Neil Pepe: I think that's true. It's certainly the first out-and-out farce he's ever written. He calls it a farce, and I think structurally and story-wise, it is a farce. I appreciate it because I think Mamet's an extremely underrated comic writer. You see so many wonderful shades of comedy in many of his other plays, and certainly in screenplays like "State and Main," "Wag the Dog" and "Things Change." It's such a pleasure to be working on a straight comedy from him, because I think he's got such a wonderful and outrageous sense of humor. Are there any plays of his that are similar in tone? NP: As a whole, I would say no, but in certain sections I would say there are certainly echoes. There are certain speeches in American Buffalo that are very funny — Teach's "Fuckin' Ruthie" speech, which is sort of a rant. There are similar rants in this play. There are elements that have echoed throughout many of his works that are pure Mamet — his wonderful, poetic, irreverent use of words. But as a whole, structurally, I think it's very different, which I kind of love about it. I like that he constantly keeps you guessing, too. I never like to use the word "style," but you're never quite sure what's going on and it kind of keeps turning these odd corners which are always interesting and somewhat hilarious. The play is set in a courtroom in New York during a week when there are Middle East peace talks being brokered in town. The court case at hand is unrelated, but the defendant and counsel come up with a plan to solve conflict in the region. The play is bizarrely topical.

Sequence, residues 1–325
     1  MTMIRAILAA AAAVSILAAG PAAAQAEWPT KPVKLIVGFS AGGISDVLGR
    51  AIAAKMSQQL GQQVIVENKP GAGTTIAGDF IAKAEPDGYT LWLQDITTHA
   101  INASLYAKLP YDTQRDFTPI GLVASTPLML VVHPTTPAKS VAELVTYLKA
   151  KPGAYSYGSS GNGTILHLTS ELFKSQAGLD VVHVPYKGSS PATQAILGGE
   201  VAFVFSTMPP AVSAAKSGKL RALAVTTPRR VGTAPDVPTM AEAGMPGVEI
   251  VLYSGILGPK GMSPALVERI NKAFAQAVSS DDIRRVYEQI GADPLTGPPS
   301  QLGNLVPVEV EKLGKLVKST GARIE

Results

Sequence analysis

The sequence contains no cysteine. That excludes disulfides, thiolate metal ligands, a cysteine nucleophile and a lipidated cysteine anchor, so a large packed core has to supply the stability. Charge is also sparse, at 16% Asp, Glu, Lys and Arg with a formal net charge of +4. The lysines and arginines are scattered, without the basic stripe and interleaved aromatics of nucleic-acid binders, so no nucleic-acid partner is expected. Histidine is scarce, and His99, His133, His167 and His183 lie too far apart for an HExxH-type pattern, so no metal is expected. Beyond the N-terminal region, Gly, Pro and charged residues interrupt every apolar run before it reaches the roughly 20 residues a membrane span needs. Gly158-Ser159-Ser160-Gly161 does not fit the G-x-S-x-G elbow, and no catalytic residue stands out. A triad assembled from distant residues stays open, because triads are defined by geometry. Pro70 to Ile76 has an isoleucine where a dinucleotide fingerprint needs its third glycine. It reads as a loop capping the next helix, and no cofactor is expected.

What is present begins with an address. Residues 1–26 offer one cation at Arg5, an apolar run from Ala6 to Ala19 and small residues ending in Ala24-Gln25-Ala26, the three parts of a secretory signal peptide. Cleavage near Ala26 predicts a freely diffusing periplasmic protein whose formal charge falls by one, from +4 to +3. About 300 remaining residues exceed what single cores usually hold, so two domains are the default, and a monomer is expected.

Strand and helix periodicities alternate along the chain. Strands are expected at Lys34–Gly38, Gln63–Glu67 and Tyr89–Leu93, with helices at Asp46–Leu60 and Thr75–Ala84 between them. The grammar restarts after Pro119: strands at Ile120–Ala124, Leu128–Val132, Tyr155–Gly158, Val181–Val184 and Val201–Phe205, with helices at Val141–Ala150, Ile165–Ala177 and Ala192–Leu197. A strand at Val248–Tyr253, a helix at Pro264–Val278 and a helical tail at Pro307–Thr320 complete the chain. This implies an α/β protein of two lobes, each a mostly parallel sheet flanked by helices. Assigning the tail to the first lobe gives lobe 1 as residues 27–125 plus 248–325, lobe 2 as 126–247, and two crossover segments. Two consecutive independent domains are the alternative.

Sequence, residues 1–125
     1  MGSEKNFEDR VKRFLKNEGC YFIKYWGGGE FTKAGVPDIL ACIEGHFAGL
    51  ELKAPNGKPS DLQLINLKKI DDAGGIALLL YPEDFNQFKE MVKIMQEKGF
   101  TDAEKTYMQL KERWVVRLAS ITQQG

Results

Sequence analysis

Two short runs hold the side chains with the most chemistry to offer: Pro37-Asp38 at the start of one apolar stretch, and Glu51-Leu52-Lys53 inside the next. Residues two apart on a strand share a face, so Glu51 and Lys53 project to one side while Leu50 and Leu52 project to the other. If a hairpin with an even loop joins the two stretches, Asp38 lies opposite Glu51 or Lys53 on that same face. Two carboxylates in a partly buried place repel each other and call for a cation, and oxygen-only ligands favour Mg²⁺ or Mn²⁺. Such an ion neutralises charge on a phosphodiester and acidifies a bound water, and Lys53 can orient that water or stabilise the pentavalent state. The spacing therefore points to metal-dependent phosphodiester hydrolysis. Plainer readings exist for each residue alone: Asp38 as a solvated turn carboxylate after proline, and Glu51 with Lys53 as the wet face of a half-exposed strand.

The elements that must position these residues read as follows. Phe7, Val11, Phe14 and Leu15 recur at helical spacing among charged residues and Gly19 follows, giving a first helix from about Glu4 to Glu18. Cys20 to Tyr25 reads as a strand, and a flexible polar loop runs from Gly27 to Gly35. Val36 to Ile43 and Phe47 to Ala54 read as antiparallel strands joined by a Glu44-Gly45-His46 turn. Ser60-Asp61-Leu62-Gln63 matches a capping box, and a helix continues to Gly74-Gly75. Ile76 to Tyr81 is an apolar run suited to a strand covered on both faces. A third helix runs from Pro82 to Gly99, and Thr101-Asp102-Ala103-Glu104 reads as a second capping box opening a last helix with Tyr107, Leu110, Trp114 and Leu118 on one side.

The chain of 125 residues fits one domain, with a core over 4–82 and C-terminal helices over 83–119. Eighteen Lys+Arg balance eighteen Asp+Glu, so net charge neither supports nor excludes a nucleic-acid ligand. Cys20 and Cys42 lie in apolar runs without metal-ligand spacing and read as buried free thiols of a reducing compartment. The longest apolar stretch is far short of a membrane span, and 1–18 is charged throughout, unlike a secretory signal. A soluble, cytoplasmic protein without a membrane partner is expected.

NP: I know, don't you love that? I wasn't even totally aware of that until literally the first preview. I think it was the day of the first preview when that headline for the New York Times had the head of Israel and the head of Palestine shaking hands. It was just so oddly timely. We had already made up the prop of the New York Times with the two guys shaking hands, and there it was! The play deals with whether or not peace can come to the Middle East, and two guys who apparently think they have the solution. Here it is, ironically enough, that peace seems to be in the process of coming to the Middle East. As Mamet says, it's the old adage that if anything can go wrong, it will. The play seems to say the most ordered space in our government (a courtroom) has no order in it. That government is so utterly unreliable…